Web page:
How to book Vienna State Opera tickets and what is the dress code at Wiener Staatsoper?
For classical music fans like probably you (and me) a night at the opera is one of the best ways to spend an elegant evening in my hometown. As a matter of fact, the Vienna State Opera powers world famous opera singers, the world’s best opera orchestra and the best opera choir. Its repertoire comprises around 50 operas and 20 ballets per season (1st September to 30th June). However, performances at this venue sell fast and are typically 98 percent sold out.
To enjoy the Vienna State Opera, you don’t need to be an opera buff, or get on waiting lists. As a native, I have gathered a few tips on spending a night at the opera. First and foremost, this includes booking tickets, but also dress code, taking your children to the opera, reading the lyrics, and more.
1. Corona Virus Update for Events:
Since 1st August 2020, the Austrian government allows up to 500, or even 1.000 spectators (subject to approval by local authorities), to cultural events, at a one-meter social distance or with one seat free in between. Up to 4 adults who visit in a group will be able to sit together, even though they don’t belong to the same household. Face masks will be required. From 1st September 2020, events with allocated seating will be allowed for up to 5,000 visitors.
Book your trip between 1st September and 30th June. The opera house is closed during July and August. Find out which operas are on stage during your trip.
Once the season preview has started you can reserve tickets directly at the Wiener Staatsoper, though you won’t be able to choose your seats. However, as soon as sales start – 2 months before each performance – you can buy and choose your seats.
As for ticket prices for the Vienna State Opera these range from under 10 for standing places to a couple of hundred Euros. While the official ticket seller often puts you on a waiting list, find out in Booking Vienna Opera Tickets where to get tickets fast and with personal advice.
If you visit Vienna over the New Year, take part in a Viennese tradition to see the Johann Strauss opera Die Fledermaus (The Bat).
If you don’t get seats, consider a Vienna State Opera standing ticket. Be aware that operas can last more than two hours. Avoid a standing place without a view (yes, they exist!).
Tickets for children (until 14 years of age) are drawn from a pool of 25 to 100 for each performance, except premieres, New Year’s Eve performances and Wagner’s RING cycle operas. There is a single ticket price of around EUR 15 for all children, independent of the chosen ticket category.
3. What Is The Dress Code At The Opera And More
Conveniently, all seats allow you to access English surtitles for each performance, as well as surtitles in Italian, French, Russian and Japanese. Before the performances and during the intervals, you can also read opera and ballet synopses, and information on the cast.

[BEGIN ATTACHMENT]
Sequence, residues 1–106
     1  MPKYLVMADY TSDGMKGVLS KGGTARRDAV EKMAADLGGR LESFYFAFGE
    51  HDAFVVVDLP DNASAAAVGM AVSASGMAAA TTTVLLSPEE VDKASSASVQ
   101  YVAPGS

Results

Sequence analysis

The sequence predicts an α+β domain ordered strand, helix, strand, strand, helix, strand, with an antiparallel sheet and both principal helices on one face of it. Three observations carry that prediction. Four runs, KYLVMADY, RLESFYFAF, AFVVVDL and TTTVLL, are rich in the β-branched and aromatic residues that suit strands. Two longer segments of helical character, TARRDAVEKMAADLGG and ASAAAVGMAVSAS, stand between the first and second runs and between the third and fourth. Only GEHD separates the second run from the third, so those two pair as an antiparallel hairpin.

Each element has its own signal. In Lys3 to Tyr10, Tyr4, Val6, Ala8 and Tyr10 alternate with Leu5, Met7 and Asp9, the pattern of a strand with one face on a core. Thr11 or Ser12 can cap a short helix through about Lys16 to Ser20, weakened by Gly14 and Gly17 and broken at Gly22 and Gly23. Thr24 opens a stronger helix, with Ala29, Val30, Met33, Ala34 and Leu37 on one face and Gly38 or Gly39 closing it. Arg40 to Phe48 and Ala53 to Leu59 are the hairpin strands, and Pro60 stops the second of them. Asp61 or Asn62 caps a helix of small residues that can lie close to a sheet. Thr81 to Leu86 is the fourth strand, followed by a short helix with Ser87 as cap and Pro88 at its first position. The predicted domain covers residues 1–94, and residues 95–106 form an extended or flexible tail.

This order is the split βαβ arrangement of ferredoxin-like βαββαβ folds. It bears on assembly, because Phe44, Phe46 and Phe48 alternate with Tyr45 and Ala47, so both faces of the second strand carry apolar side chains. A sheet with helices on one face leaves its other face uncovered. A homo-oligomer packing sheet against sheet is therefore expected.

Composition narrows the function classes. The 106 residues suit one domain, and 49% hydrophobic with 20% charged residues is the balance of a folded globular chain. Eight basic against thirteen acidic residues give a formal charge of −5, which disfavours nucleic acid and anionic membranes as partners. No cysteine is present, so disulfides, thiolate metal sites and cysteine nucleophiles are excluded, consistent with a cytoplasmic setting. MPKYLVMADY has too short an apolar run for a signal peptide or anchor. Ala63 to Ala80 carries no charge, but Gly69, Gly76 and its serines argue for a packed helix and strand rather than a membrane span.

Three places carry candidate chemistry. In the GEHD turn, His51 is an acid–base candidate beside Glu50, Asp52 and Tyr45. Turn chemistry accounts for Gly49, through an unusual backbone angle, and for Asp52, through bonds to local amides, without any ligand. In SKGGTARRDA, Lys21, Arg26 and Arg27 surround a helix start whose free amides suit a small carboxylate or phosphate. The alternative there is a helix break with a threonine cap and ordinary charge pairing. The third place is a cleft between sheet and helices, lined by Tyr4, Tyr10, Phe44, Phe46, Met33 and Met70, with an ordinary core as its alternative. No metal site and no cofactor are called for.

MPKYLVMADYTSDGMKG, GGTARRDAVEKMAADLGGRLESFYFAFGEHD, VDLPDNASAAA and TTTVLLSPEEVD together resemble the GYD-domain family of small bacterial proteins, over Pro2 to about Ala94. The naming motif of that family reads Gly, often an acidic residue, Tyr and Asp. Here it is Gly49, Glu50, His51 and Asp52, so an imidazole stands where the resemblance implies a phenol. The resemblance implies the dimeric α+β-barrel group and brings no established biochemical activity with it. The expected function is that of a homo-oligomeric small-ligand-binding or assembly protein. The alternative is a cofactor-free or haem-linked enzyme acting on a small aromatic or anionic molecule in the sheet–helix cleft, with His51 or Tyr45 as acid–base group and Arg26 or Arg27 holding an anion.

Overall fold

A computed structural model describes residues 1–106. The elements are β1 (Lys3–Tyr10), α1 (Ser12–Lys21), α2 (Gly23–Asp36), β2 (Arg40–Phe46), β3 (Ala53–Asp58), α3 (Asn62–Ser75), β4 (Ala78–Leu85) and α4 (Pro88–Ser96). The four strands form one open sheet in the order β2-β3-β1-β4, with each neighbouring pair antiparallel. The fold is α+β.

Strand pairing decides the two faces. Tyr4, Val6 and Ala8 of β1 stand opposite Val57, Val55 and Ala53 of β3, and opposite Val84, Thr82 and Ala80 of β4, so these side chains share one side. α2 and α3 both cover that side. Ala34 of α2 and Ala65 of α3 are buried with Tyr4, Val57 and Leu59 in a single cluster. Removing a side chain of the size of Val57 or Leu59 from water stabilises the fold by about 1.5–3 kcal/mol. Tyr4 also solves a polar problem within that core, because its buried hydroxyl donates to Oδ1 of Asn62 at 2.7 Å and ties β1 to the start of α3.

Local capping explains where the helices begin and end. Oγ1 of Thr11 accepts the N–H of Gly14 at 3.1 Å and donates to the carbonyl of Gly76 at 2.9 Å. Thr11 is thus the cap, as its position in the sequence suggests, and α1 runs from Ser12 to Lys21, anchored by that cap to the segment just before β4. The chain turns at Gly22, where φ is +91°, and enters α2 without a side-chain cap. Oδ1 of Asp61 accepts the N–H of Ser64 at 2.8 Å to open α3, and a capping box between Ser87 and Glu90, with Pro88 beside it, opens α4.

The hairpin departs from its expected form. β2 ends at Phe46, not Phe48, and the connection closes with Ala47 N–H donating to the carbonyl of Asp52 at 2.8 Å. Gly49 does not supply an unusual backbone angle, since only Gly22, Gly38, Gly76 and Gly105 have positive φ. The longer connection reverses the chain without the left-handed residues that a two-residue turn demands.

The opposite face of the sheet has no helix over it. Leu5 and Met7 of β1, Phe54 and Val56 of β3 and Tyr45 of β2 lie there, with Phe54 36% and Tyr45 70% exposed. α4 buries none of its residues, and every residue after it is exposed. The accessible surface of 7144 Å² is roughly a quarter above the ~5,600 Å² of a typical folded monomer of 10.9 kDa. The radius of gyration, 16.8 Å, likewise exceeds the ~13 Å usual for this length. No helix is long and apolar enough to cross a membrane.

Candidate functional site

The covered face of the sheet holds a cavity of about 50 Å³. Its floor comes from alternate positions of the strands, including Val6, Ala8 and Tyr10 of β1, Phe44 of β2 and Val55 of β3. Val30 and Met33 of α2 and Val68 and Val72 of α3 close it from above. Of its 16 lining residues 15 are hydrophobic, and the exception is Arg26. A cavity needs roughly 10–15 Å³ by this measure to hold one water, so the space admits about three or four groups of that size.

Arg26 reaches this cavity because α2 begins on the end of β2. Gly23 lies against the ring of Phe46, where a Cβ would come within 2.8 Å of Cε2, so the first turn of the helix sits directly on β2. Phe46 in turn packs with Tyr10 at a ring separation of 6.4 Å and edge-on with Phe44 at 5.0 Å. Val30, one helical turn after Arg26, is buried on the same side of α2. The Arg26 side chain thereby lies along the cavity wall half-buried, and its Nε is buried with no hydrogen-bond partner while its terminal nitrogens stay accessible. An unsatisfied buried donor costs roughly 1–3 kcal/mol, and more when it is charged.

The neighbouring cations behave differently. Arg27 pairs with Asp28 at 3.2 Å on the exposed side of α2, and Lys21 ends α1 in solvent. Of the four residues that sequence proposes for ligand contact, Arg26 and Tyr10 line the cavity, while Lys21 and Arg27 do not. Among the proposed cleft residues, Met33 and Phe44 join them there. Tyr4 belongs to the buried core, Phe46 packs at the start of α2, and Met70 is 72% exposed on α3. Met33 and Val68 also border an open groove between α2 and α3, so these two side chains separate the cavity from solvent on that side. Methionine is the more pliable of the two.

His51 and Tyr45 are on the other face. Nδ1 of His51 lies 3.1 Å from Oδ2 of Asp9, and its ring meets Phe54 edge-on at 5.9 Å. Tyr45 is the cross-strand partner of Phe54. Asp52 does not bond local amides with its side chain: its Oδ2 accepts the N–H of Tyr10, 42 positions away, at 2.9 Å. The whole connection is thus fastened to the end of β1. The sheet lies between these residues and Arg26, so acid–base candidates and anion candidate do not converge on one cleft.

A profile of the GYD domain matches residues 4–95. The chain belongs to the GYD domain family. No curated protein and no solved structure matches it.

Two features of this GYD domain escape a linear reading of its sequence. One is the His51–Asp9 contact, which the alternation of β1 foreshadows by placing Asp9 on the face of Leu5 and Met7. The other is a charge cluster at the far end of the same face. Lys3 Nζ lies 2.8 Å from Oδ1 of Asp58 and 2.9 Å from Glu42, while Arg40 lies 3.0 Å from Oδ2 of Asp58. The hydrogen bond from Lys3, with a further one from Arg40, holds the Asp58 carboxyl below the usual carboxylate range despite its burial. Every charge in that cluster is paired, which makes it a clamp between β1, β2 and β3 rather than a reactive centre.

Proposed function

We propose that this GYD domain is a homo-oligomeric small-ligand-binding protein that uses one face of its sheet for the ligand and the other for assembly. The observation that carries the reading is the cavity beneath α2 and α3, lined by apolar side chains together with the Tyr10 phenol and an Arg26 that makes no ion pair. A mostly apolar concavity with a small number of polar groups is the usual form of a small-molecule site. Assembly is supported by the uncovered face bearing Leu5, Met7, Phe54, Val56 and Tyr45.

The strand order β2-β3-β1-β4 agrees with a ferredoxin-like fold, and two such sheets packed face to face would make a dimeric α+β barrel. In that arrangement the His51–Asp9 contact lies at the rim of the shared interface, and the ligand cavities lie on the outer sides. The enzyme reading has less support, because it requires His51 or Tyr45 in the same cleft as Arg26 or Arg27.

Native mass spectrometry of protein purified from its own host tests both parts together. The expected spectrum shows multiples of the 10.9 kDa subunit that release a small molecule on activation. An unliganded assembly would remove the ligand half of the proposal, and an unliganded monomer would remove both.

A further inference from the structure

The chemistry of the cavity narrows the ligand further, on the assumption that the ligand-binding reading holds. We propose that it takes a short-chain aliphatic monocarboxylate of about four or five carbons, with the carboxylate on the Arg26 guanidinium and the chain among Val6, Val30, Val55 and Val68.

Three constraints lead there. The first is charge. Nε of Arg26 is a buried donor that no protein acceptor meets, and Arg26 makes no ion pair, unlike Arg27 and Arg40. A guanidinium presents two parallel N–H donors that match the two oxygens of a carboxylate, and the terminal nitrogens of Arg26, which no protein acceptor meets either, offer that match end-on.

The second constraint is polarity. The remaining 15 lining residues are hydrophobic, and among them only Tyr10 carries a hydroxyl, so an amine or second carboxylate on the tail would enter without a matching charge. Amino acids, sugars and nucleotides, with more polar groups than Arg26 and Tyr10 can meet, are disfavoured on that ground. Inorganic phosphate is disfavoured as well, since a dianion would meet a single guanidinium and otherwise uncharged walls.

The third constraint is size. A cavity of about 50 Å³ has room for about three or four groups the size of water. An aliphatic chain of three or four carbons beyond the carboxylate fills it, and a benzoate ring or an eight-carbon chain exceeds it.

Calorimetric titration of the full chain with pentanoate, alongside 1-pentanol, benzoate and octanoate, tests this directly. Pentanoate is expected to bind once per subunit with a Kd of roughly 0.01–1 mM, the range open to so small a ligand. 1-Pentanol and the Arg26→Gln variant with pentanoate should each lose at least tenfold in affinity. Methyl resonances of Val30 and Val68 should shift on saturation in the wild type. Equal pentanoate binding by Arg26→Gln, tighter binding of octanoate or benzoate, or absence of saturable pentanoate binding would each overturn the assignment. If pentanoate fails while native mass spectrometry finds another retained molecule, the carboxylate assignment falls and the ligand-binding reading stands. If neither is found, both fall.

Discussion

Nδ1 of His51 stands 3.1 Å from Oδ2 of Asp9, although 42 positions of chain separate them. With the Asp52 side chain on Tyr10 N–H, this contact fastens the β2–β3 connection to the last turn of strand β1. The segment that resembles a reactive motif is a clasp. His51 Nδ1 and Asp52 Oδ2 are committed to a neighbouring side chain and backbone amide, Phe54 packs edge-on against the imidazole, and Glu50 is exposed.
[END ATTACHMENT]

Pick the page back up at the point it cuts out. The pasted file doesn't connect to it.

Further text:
If you get a standing place, mark it with a scarf or something similar when you leave your place during the break.
What to wear? Actually, there is no formal dress code for the opera house in Vienna. Consider taking black tie dressing with you to celebrate the evening at the Vienna State Opera, though not required. (You will stick out less as a tourist in truly elegant attire during Christmas and New Year.) Smart casual does it very well.
4. Is Photography And Filming Allowed At The Vienna Opera?
As with opera houses around the world, photographing or filming is not allowed during the performances. However, take your camera with you and take photos before and after the performances to capture the ambiance.
5. What To Do After A Vienna Opera Performance?
When the opera finishes and you are hungry follow the locals to a Vienna sausage stand? As odd as it seems to bite into a sausage in your smart outfit this is a cherished tradition. Alternatively, head for nearby Sacher Eck of Hotel Sacher for a Sacher sausage.
Before or after watching an opera, join the Wiener Staatsoper’s inhouse tour. Why? In addition to each opera’s story, you will get the house’s own story behind the curtain. What’s more, on certain days you can even enter backstage.
Even if you don’t attend an opera you can tour the opera house without having to buy tickets for a performance. During one entertaining hour, the Vienna opera tour presents 19th and 20th century Viennese history through the operatic lense.
During the tour you will see rooms which are usually closed to the public such as the gorgeous Emperor’s tearoom.
What I equally enjoyed was learning about famous opera directors, from Richard Strauss and Gustav Mahler to Herbert von Karajan. If you want to go backstage, make sure you pick the right tour.
Wiener Staatsoper Live Streaming
Loved the evening? Couldn’t get in? Take the Vienna State Opera home with you and watch performances through live streaming from your computer.
Vienna Opera House. Once a year, the opera house rips off all seats in its stalls and replaces them with an elegant dance floor. The Vienna Opera Ball is a local cultural institution, attracting almost 6,000 visitors every year.
You can (actually must) dress up ultra glamorously, be happy to pony up a few hundred Euros, and be lucky enough to grab tickets in order to attend this top European socialite event. Learn about the Vienna Opera Ball and what it takes to get in.
How To Get To the Vienna State Opera
Address: Wiener Staatsoper, Opernring 2, 1010 Vienna
How to get there: either take Vienna metro U1, U2, or U4 to Karlsplatz; alternatively take tramways 1, 2, D, 62 or 71 to Opernring; or take bus 59A to Wien Oper
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